For questions about the above, please contact Caryn Bellus and/or Brian Ellison.
October 25, 2017
Case Law Update on William Joyce v. Federated National Insurance Company, No. SC16-103 (Fla. Oct. 19, 2017).
On October 19, 2017, the Florida Supreme Court came out with an opinion regarding the award of contingency fee multipliers in first party property disputes, finding that a contingency fee multiplier is not reserved only for “rare” and “exceptional circumstances.” This is a split opinion by the Florida Supreme Court, meaning that this issue is far from resolved.
We anticipate that the Plaintiff’s bar will be using this opinion to justify and substantiate requests for a contingency fee multiplier in cases where the carrier wishes to go to a fee hearing to challenge the reasonableness of the fee requested by a Plaintiff attorney. The opinion sets the stage for a more costly preparation for fee hearings by carriers. As discussed in detail below, the determining factor that led to the Florida Supreme concluding that a contingency fee multiplier of 2 is reasonable in this case, is the finding that there were no other attorneys in the St. Augustine legal market with the requisite skill to represent the insured, Mr. Joyce, other than the attorney he hired. Missing from the opinion is a discussion of how the local legal market is defined. There is no explanation in the opinion as to why Jacksonville, a few mile drive from St. Augustine, is not considered part of the St. Augustine legal market. Furthermore, the majority and the dissent disagree as to whether this case involves complex legal issues.
With the majority of carrier disputes being in the South Florida legal market, with significant numbers of claims also in the Orlando /Central Florida area, the west coast including Naples, Ft. Myers, Tampa/St. Petersburg area and some also in the Panhandle, carriers should be mindful of this opinion and have their fee experts prepared to provide evidence to the trial Judges of the commonality of first party claims and the large volume of attorneys handling these claims who have the skills to properly litigate the case on behalf the insured. Fee experts should be prepared to define the local legal market. Fee experts should be prepared to show the trial Judge that in all these areas of Florida, it is common practice for a first party property Plaintiff attorney to handle hundreds, if not thousands of cases spanning often times, multiple Florida counties. Moreover, fee experts should be able to articulate that the common grounds for a denial of a claim in first party property disputes, to demonstrate that the case does not involve complex legal issues. Insurers should be particularly mindful because with the expected surge of Hurricane Irma litigation in the new year (2018), the plaintiffs bar will be very aggressive to collect fees.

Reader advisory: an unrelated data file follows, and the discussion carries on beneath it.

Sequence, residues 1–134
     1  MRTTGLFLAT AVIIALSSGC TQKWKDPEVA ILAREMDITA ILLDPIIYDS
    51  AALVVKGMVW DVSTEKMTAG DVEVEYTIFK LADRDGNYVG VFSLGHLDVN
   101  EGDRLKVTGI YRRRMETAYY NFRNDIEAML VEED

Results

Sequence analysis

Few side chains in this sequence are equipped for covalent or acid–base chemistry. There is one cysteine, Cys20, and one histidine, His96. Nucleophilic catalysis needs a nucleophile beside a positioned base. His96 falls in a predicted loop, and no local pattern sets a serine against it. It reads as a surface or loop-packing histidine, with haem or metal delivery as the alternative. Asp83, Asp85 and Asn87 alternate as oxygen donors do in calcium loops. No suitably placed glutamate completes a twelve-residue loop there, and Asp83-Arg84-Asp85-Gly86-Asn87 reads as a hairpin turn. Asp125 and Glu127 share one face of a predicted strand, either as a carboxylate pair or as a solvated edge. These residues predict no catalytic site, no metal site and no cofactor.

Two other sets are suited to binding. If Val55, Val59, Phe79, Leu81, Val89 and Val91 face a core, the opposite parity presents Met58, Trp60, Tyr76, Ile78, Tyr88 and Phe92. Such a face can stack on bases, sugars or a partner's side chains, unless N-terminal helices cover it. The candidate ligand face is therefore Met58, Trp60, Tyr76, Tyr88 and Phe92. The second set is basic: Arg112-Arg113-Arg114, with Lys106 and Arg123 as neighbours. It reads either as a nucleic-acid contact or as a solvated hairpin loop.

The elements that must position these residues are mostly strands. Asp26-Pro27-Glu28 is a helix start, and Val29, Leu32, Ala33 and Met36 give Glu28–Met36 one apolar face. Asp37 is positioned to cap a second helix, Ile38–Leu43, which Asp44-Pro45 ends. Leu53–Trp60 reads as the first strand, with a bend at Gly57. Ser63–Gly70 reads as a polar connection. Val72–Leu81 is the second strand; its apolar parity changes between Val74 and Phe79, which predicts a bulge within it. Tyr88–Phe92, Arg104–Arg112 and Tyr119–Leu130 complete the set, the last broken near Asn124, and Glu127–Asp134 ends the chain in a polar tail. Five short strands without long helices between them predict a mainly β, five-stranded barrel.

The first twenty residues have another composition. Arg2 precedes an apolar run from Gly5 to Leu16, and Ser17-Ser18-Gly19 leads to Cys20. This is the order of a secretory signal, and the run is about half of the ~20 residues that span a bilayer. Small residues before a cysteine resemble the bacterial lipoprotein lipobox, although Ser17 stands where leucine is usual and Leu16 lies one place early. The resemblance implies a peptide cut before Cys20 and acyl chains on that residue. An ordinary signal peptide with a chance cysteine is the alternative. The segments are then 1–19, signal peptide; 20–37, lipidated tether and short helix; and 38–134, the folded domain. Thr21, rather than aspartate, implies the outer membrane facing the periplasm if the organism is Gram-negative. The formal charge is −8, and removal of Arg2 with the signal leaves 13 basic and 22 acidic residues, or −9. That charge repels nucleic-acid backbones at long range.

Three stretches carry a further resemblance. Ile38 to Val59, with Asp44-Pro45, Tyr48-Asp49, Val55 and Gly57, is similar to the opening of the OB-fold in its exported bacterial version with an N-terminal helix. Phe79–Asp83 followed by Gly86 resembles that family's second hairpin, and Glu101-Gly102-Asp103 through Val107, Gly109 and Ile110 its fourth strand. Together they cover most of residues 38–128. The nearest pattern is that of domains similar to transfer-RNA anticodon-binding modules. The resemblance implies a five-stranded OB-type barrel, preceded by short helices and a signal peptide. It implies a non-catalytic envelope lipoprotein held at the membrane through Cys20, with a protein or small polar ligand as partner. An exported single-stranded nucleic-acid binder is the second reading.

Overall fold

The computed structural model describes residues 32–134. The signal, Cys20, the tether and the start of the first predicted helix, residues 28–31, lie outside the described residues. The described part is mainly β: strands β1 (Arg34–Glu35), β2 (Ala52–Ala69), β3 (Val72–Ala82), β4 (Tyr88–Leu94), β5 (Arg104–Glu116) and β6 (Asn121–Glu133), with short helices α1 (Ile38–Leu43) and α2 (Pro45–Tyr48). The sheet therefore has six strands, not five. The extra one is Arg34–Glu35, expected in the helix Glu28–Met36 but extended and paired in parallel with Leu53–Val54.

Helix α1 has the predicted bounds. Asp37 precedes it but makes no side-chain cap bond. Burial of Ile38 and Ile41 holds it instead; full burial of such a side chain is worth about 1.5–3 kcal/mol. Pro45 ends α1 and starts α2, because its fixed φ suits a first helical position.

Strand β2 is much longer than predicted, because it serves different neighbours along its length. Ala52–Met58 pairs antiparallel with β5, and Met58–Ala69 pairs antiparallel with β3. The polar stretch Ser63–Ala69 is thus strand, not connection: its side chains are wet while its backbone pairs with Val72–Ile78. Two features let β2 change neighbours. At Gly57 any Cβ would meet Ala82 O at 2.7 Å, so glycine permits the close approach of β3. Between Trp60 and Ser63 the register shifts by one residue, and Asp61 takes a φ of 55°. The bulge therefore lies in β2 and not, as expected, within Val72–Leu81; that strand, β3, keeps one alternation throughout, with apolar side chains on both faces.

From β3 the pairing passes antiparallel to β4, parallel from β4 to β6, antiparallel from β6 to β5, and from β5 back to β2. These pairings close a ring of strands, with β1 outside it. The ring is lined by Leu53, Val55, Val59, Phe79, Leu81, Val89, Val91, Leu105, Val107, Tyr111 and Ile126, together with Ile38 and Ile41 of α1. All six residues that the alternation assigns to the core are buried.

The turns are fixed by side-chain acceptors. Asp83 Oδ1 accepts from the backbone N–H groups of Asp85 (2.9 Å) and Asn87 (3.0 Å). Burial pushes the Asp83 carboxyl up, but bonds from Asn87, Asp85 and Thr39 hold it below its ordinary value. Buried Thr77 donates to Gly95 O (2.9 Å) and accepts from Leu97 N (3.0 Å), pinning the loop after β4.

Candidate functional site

A detailed summary of this opinion follows:
In this case, Mr. Joyce filed a claim for homeowners insurance benefits with his homeowner’s insurer, Federated National Insurance Company (“Federated”). The claim was denied on the basis that Mr. Joyce did not disclose prior claims to Federated made with other homeowners insurance carriers. The omission of previous claims was the basis of the denial. After several months of litigation, the indemnity dispute was settled and Federated stipulated to entitlement to attorney’s fees and costs. Settlement of the indemnity dispute occurred because it was revealed in deposition testimony that the insurance agent had the original paperwork that showed the previous claims were in fact, disclosed. This is somewhat different than the typical denial in first party cases which rely on common policy exclusions, like wear and tear or constant and repeated seepage of water.